Mint.com Review and Complaints. Is Intuit Mint.com Safe and Legitimate?


Intuit financial software Mint review, customer complaints for 2018. Is your pesronal information safe on Mint.com website?

Mint.com Overview

Mint.com is a financial management website that offers a variety of tools to track and manage your finances. The website is free to use and generates money by suggesting products and services to you (they get a commission when you, for example, open a credit card they recommend). Mint gathers all of your transactions from all of your accounts so you can filter, search, and sort everything in one place. More advanced features include budgeting and trend-mapping.


What Mint Does Well

Mint.com works best when used as a tool to monitor a lot of accounts in a single location. Rather than logging into each bank you do business with, you can log into a single app or website and view all of your transactions. This makes it easy to know how much cash you have on hand and to monitor for suspicious activity on your cards.

Mint does an OK job at tracking trends over time (the less specific the trend, the better). The budget feature is also decent but, like trends, relies on having accurate category data in order to be useful.


Mint.com Complaints


Mint.com Complaints

Mint doesn’t do a very good job categorizing purchases. It generally relies on the merchant’s name rather than the merchant category code that you would see if you logged into your credit card’s website. Though Mint claims there is a learning algorithm in place to learn what a merchant is, you might find yourself having to regularly categorize the same merchant every month. Mint’s more advanced features like budgets and trends generally need good data about your transactions, including categories. The fact that Mint does a poor job categorizing your transactions is a source of problems in a lot of areas. For example – those spending alerts mentioned earlier. If your rent gets miscategorized as “shopping” then suddenly you get an alert email that you exceeded your budget or had unusual spending in that category. One would also find that the “trends” pie chart becomes over-weighted to this incorrect category.

One can, of course, re-categorize transactions and indeed one should. If you’re reviewing your transactions each week or month to check for anything unusual you can do this at the same time. Nevertheless, there is a certain annoyance that comes with categorizing your local bar into the “Restaurants” category for the 5th time this month.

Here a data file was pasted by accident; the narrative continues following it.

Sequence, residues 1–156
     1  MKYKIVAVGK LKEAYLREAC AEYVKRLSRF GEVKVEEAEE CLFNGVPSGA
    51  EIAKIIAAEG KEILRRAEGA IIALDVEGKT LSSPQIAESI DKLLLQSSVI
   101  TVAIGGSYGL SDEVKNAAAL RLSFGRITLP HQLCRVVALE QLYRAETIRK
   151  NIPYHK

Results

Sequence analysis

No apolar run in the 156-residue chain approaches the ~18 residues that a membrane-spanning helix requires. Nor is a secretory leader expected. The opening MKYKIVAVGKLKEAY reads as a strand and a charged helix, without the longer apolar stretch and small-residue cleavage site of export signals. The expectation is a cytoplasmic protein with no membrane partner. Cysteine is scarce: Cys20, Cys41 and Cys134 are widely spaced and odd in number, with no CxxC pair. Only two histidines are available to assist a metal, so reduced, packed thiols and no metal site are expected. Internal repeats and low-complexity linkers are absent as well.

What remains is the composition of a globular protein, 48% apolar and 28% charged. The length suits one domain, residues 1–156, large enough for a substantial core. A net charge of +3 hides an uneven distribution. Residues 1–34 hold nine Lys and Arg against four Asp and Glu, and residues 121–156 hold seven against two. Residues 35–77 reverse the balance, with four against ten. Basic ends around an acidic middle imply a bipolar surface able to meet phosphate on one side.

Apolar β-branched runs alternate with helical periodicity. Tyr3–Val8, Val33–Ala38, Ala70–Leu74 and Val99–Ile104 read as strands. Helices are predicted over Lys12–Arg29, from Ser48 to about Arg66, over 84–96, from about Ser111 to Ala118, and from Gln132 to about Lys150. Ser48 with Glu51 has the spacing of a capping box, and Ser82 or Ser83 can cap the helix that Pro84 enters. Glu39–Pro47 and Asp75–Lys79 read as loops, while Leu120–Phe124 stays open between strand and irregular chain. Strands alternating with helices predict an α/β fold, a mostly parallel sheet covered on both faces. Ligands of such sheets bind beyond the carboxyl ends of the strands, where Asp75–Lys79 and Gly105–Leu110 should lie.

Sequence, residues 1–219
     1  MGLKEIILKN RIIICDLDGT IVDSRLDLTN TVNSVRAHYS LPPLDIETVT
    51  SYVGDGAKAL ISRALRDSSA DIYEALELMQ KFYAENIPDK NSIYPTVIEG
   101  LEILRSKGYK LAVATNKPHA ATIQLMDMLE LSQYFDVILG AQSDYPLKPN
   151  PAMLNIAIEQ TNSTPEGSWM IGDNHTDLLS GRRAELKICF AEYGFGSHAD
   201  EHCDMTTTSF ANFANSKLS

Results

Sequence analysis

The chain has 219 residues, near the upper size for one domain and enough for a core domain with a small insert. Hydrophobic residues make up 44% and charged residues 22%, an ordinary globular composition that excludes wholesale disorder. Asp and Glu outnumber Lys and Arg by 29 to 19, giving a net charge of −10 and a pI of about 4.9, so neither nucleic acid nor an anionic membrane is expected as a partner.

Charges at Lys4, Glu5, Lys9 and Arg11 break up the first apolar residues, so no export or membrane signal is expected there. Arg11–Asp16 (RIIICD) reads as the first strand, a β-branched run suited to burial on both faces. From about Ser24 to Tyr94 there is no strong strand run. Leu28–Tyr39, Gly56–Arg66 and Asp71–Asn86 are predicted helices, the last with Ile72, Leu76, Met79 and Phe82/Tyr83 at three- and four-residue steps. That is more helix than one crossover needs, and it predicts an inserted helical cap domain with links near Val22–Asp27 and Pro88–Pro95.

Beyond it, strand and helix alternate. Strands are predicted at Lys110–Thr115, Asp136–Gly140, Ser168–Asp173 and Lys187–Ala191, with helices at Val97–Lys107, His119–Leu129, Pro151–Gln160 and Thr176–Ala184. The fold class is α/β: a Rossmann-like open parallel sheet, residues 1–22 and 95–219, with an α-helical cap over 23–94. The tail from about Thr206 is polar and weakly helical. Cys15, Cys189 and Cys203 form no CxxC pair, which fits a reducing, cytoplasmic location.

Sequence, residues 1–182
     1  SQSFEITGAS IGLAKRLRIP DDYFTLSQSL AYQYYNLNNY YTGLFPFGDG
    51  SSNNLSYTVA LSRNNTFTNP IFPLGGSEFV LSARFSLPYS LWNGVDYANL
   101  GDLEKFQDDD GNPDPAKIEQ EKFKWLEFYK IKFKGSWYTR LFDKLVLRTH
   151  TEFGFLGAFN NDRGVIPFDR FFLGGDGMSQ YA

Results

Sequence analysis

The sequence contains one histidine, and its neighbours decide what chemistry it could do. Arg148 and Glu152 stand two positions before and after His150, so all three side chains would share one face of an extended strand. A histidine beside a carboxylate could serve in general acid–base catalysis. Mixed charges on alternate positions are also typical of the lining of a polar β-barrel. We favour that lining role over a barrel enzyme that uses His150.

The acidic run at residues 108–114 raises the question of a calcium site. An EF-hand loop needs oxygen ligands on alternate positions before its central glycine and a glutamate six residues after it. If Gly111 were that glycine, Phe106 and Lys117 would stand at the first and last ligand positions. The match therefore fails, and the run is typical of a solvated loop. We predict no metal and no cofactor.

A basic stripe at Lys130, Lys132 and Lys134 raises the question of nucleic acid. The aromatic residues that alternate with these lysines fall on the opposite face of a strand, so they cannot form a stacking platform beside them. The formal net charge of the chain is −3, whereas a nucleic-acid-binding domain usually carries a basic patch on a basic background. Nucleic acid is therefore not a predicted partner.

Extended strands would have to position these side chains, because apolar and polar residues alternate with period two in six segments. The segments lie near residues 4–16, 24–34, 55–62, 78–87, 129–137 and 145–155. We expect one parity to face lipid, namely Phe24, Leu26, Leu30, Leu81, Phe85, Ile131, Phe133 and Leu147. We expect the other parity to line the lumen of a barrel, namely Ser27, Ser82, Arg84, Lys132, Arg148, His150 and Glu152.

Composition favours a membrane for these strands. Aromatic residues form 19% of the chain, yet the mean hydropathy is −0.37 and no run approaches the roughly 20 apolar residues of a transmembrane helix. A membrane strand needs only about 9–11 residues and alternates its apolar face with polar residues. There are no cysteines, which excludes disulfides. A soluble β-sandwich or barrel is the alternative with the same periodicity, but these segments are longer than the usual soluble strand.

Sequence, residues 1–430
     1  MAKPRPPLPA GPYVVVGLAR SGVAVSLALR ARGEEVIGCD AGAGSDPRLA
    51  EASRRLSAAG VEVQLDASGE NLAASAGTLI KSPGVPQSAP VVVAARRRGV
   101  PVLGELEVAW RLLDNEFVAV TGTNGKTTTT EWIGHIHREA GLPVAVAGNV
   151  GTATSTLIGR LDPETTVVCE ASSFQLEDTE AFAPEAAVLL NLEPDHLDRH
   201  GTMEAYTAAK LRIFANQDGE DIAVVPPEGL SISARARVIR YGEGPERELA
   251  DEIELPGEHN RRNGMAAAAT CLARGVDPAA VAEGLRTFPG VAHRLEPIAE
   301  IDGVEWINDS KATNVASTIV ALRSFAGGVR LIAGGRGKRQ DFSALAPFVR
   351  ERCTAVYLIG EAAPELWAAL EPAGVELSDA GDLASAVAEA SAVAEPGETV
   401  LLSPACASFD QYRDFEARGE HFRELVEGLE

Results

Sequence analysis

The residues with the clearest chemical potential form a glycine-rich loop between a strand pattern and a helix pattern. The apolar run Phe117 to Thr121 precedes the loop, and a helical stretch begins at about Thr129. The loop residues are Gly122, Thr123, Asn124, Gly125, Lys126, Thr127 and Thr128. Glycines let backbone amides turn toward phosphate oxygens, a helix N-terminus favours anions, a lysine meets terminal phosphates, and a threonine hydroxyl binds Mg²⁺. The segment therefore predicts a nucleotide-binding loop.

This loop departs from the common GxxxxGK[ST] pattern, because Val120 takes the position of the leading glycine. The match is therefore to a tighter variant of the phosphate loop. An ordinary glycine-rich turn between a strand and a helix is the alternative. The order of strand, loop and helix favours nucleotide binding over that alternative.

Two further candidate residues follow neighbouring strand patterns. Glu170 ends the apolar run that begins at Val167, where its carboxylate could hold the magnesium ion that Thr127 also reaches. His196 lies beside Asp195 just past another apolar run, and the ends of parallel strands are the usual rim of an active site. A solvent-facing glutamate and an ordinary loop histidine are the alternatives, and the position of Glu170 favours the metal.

What’s more, if you do happen upon a transaction you don’t recognize, Mint doesn’t have enough information to determine what it is. Mint imports a very limited about of data about transactions, forcing you to login to your bank’s website to get the full details so you can try to case what that $10 purchase from “R R” really was.

Mint was, in recent years, purchased by accounting giant Intuit. Since that time, the focus on the site seems to have shifted away from improving functionality and more to presenting you with more offers for financial products. Sometimes these offers can be clever. For example, users with below-average spending at gas stations might see an ad for car insurance that offers reduced rates for people who drive fewer miles. That’s pretty helpful, I think, but is an exception. Often times one is presented with advertisements for credit cards that one already owns (and has already imported into Mint). This would be like driving a 2018 Camry to your car dealer for service and having the salesman offer to sell you a 2018 Camry. It’s illogical given that Mint has the full details about your financial situation.

If you’re the sort of person who reads reviews of financial products you’re probably unlikely to accept Mint’s ads wholesale so they’re usually useless and are usually in Mint’s best interest, not yours.

Mint has several bugs at present that have existed for months. For example, any American Express account will report that a bill is due every month (not even a $0 bill, it will report there is an actual amount owed), even if there is no balance on the account. The bill due date feature is broken in other ways, too. Mint generates a 30-day timeline of upcoming bills that would be very useful if it worked but the graphics are generally useless. A day that has a single $9 bill due might generate a huge “bar” on the graph while another day with several bills of $500 each might generate a tiny “bar.” This makes it hard to use this tool to plan anything.


Mint.com Review


Mint Mobile App vs Mint.com Website

The Mint mobile app is a good but not great. It’s missing a lot of functionality that the full-fledged website has. For example, you can view a breakdown of your spending trends for the current month but cannot change the time frame to view a previous month. This is par for the course and the app generally, lacks any sort of meaningful information and searching. However, the app is an easy way to review all your recent transactions for anything unexpected as well as an easy platform in which to categorize your uncategorized purchases. That said, most mobile banking apps also lack many of the features of their website counterparts so this isn’t completely surprising. The real benefits of Mint can only be gotten online so I would strongly recommend using the app just to supplement an account that you have already setup on a computer on the Mint website.


Mint.com Review Final Thoughts

Overall, Mint is a great free tool that makes it easy for people with many accounts to monitor and manage all of them. It's not a complete replacement for your bank's website but is a great first step towards managing one's finances.


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Mint.com reviewed by TopRatedFirms.com on . Rating: 4